Physical therapists working in the State of Kuwait are at risk of work-related musculoskeletal disorders (WMSDs). However, prevalence rates and risk factors are not well documented. The objective of this study was to determine the prevalence, characteristics, and impacts of WMSDs among physical therapists in the State of Kuwait.
A self-administered questionnaire was distributed to 350 physical therapists. The questionnaire gathered demographic data as well as information on occurrence of musculoskeletal complaints in the previous 12 months. Descriptive statistics, frequency, and Chi-square analyses were used.
The response rate to the questionnaire was 63% (222/350). Of the 212 responders included in the study, the one-year prevalence of WMSDs was 47.6%, with lower back complaints as the most common (32%). This was followed by neck (21%), upper back (19%), shoulder (13%), hand/wrist (11%), knee (11%), ankle/foot (6%), elbow (4%), and hip/thigh (3%) complaints. The frequency of WMSDs was not gender related (except lower back, neck, and shoulder complaints) nor was it related to age (except lower back complaints), working venues (except hand/wrist), working hours, area of specialty, or exercise. WMSDs' impact on work was minor.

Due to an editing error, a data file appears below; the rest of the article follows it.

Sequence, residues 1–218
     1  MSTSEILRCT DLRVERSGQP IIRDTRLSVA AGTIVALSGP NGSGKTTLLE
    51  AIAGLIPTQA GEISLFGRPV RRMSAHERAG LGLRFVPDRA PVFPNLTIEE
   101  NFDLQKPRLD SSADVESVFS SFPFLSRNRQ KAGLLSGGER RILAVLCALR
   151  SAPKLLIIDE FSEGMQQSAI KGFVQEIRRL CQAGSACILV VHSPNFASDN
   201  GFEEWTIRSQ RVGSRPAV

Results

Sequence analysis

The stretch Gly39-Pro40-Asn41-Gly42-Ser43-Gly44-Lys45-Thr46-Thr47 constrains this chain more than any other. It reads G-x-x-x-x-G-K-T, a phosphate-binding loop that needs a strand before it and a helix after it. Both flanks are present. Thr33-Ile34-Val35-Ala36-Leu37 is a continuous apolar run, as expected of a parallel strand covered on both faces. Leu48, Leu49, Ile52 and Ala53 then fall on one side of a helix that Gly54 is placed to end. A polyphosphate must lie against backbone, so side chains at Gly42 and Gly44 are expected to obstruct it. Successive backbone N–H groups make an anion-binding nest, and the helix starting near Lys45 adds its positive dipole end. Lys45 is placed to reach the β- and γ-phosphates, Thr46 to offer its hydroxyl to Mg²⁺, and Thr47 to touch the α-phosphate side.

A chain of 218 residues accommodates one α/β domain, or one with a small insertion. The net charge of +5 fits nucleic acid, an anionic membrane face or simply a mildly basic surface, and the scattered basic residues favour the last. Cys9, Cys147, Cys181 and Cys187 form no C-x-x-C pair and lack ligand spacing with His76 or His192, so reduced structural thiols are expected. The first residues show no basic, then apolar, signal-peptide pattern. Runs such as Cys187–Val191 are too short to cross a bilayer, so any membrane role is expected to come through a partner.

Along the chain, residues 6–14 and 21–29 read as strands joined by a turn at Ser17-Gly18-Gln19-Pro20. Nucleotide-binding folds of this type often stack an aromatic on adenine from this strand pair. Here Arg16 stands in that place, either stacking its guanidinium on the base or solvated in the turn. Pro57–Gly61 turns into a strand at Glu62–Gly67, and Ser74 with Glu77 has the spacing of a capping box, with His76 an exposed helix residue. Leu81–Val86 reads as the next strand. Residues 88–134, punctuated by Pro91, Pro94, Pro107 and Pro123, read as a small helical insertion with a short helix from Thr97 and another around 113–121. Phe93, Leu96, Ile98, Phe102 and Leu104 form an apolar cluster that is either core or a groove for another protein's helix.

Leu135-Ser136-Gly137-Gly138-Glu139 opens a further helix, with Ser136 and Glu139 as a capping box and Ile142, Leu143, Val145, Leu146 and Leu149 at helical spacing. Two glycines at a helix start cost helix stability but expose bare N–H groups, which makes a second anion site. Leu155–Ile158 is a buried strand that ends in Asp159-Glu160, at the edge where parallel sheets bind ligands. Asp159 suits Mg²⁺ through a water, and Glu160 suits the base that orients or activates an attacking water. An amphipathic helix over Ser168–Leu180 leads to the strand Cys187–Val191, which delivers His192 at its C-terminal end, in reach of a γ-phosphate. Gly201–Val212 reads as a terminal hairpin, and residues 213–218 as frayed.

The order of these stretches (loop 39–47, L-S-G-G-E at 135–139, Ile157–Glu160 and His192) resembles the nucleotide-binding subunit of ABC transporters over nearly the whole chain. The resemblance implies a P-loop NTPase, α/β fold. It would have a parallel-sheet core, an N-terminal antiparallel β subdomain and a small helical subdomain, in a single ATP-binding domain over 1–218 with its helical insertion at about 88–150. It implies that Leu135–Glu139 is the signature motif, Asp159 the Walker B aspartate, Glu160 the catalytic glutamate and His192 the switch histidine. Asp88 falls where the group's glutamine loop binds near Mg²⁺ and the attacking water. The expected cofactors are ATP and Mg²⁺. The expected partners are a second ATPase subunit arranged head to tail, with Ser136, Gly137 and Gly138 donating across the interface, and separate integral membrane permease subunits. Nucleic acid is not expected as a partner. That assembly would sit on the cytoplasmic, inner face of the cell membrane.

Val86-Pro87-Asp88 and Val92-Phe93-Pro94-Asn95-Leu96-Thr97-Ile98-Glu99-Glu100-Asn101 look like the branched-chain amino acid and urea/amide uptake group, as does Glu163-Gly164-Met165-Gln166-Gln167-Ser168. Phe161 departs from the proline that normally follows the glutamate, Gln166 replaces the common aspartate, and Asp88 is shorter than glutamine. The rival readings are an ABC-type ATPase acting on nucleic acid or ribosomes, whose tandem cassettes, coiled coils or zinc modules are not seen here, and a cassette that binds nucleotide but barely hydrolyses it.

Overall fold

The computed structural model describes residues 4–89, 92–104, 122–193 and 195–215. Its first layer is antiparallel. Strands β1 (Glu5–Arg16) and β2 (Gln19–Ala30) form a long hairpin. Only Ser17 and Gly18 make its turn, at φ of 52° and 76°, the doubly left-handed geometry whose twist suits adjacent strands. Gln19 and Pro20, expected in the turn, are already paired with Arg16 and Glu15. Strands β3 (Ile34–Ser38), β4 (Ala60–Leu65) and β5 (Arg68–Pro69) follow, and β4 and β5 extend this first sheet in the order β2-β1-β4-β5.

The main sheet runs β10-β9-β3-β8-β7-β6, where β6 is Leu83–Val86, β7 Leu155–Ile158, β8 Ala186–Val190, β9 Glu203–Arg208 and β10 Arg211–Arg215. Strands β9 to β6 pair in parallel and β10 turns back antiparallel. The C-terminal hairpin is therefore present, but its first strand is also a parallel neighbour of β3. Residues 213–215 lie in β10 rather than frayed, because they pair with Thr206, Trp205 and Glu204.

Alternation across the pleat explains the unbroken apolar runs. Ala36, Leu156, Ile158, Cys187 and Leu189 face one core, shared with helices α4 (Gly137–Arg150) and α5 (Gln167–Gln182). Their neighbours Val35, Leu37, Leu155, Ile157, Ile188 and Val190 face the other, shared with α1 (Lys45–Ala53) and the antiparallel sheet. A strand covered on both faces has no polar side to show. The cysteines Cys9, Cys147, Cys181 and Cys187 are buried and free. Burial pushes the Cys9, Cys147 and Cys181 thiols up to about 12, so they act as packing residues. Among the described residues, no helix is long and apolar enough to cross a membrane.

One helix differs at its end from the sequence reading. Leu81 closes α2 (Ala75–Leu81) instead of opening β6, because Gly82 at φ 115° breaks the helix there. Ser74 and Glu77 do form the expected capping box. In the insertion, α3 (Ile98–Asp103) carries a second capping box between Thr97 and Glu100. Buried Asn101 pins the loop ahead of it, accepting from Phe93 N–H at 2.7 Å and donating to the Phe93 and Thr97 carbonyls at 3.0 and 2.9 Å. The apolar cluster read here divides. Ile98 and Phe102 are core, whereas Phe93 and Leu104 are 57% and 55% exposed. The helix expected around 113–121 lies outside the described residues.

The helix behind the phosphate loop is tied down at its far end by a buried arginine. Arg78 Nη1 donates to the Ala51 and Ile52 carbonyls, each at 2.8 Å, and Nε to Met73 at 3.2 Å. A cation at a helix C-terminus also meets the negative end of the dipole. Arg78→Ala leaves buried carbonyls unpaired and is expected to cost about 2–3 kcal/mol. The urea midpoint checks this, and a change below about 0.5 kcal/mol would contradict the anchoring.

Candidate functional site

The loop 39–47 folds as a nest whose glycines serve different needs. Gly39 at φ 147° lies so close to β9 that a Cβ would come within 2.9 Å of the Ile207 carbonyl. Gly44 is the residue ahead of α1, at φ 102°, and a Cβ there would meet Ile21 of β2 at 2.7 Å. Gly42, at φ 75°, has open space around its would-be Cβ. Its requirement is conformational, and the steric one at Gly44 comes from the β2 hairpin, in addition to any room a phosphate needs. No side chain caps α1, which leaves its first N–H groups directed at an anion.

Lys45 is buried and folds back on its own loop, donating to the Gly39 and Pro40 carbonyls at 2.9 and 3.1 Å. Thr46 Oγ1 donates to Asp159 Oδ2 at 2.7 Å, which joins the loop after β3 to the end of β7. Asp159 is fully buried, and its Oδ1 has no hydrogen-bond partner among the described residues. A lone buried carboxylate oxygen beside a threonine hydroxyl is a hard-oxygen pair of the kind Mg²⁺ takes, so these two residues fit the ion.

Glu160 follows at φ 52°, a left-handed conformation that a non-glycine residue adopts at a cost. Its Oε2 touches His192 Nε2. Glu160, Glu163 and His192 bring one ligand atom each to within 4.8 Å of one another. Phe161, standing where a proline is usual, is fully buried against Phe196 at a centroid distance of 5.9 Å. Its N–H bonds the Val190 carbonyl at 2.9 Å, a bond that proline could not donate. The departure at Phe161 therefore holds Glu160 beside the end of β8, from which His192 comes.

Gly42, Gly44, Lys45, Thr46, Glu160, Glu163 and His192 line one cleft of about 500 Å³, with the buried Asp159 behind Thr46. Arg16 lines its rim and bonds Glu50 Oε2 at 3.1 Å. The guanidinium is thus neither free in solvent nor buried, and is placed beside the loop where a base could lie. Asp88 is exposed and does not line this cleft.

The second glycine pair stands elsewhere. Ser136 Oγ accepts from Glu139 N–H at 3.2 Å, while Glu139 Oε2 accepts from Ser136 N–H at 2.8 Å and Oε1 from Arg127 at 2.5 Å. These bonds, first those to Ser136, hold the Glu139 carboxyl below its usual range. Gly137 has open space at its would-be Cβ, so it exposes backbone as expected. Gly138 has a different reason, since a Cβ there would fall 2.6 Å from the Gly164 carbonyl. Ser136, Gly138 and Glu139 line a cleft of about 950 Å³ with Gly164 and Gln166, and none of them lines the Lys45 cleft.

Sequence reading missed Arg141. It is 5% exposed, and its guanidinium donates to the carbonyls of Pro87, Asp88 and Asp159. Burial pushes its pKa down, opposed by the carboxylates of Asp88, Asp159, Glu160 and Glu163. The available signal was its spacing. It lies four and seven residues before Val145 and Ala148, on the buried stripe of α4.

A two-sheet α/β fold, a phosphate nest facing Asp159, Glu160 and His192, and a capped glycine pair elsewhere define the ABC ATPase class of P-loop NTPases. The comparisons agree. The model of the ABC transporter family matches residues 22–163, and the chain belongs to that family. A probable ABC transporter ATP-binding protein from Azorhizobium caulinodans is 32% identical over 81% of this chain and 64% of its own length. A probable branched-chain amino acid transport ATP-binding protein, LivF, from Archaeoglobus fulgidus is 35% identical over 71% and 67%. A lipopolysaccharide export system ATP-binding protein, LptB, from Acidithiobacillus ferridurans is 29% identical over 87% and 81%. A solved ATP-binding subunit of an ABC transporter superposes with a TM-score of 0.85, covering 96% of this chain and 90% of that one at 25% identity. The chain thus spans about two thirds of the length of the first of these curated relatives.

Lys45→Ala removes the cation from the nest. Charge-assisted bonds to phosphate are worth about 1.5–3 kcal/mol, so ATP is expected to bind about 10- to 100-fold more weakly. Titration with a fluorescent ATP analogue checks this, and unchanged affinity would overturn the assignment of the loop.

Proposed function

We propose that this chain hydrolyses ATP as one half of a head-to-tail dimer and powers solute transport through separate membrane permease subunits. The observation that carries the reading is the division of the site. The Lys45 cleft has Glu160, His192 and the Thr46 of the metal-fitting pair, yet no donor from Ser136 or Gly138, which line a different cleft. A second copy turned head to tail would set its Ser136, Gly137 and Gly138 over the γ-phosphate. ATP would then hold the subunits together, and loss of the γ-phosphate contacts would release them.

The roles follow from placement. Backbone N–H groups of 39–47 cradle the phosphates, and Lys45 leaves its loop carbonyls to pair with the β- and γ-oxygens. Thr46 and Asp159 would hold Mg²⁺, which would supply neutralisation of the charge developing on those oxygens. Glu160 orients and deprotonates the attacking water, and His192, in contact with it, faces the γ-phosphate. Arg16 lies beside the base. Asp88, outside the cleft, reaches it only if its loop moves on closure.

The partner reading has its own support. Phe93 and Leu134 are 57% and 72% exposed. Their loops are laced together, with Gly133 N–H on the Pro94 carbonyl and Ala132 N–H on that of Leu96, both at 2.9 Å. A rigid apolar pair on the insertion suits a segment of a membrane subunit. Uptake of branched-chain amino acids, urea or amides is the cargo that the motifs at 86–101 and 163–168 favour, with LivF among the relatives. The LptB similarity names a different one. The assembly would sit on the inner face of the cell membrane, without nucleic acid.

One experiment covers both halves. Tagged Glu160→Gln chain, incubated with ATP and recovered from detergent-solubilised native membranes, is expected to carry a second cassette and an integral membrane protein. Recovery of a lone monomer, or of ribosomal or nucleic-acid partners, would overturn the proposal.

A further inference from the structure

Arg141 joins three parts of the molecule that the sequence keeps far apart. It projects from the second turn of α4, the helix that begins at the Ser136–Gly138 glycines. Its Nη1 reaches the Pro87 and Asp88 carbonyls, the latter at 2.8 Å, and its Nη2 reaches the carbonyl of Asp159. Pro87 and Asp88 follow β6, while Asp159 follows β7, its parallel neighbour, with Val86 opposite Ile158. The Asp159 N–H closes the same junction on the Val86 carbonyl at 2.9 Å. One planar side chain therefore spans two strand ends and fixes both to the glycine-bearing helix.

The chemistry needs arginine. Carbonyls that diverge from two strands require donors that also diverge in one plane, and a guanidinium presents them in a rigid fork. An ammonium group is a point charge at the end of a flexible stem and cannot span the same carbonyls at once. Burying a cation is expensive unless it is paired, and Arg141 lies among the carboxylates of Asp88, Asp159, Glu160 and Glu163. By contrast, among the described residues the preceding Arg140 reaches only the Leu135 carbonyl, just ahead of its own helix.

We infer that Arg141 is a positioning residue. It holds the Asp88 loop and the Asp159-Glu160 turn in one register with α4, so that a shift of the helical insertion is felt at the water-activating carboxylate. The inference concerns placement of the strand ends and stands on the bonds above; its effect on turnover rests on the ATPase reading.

WMSDs among physical therapists in Kuwait were common, with lower back and neck affected most. Lower back and neck WMSDs were related to the participant's demographics. Hand/wrist WMSDs were related to work settings. Further research is needed to investigate the effect of risk factors as physical load, psychosocial load, and general health status on prevalence musculoskeletal disorders.